January 31, 2017 -
In a recent blog post, EyeVerify summarized the key biometrics-based product launches in the financial industry for 2016, as well as made a couple of predictions regarding the biometrics in banking for 2017.
For fingerprint products, Touch ID saw considerable progress in 2016 with dozens of banks deploying the technology including Bank of Scotland, BBVA Compass, Deutsche Bank, Fifth Third Bank, HSBC, Lloyds Bank, Mashreq, Santander USA, and Standard Chartered, along with many regional and community banks and credit unions.
Last year also brought along an improvement in fingerprint solutions for Android devices. The increased availability of Android devices with fingerprint technology led to more banks launching Android fingerprint authentication features, including ABN AMRO, JP Morgan Chase, OCBC, and several regional and community banks and credit unions.
The use of facial recognition in banking significantly expanded in 2016, driven mostly by MasterCard and its “Selfie Pay” solution (via Daon).
A few banks also launched a face recognition feature including Atom Bank, Banco Inbursa, Gulf Bank, Nequi and BNP Paribas (2017).
Last year also saw several banks launch voice recognition solutions for call center/phone banking authentication including Barclays and Citi. More banks are expected to follow their lead in 2017.
The report also notes that there were only a few launches of voice authentication specifically for mobile login, and no launches that included voice authentication for mobile without another biometric option.
EyeVerify also reveals that over 50 financial institutions offered the company’s Eyeprint ID authentication solution to their customers, making it the most-integrated biometric software for mobile banking authentication.
These launches include Yapi Kredi, Alipay, Wells Fargo, and several regional banks and credit unions.
The blog post also notes that several banks have launched face and voice together (particularly by those using Daon’s platform), while other platform vendors like BioConnect, HYPR and Onegini are offering the ability to integrate multiple biometrics at once.
EyeVerify also made two predictions for 2017. The first forecasts that there will be two key advancements in the use of biometrics in financial services.
The first will see the use of biometric technology move beyond merely being a replacement for mobile banking passwords.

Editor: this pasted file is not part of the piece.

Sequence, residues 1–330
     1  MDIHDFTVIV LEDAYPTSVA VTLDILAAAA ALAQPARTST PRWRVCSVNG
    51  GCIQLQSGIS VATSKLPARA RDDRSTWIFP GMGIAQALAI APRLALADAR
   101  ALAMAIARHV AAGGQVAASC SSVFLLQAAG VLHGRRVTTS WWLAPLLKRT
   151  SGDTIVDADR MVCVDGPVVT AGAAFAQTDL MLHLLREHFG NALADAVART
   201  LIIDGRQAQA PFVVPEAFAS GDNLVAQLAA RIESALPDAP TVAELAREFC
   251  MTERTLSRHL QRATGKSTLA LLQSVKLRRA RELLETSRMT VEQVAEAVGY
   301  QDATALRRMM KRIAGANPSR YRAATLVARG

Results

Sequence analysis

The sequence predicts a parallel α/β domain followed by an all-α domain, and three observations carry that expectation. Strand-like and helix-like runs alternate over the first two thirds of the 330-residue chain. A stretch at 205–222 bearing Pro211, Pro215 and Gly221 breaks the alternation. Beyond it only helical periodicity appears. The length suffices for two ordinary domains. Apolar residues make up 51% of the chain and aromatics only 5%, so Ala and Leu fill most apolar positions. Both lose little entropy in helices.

The company forecasts that 2017 will see more launches of biometrics for other functions, including step-up authentication for riskier activities (payments or money transfers), out-of-band/second factor authentication (replacing the current SMS-based second factor authentication), and cardless cash withdrawal.
EyeVerify also predicts that the importance of security will take precedence over the choice of different biometric devices with different capabilities.
The improvement of various sensors (fingerprint, camera, microphone) on devices, along with the advancement of solutions will see the emergence of new solutions that offer biometrics for improved security and user experience.
The company states that “choice won’t go away, but the options will be multimodal and far stronger.”
In a separate release, EyeVerify announced that Turkey private bank Yapı Kredi has become the first bank in Europe to use Eyeprint ID for mobile login.
In addition, European banking group UniCredit has become the first bank in the world to offer Eyeprint ID for cardless cash withdrawals.
EyeVerify and its reseller/distributor partner Ölçsan worked with the banks to achieve the capabilities.
Ölçsan has enabled Yapı Kredi to integrate EyeVerify’s eye-based mobile biometric software Eyeprint ID, into its mobile app.
Yapı Kredi customers can update their Yapı Kredi Mobile app to access Eyeprint ID. Once the app is downloaded, customers can simply look into the mobile device’s camera to quickly access banking information and make transactions.
EyeVerify CEO and founder Toby Rush said last month that the tipping point for biometric authentication for mobile banking may have already arrived, based on the observation of financial institutions currently achieving their user experience and security goals with biometric implementations.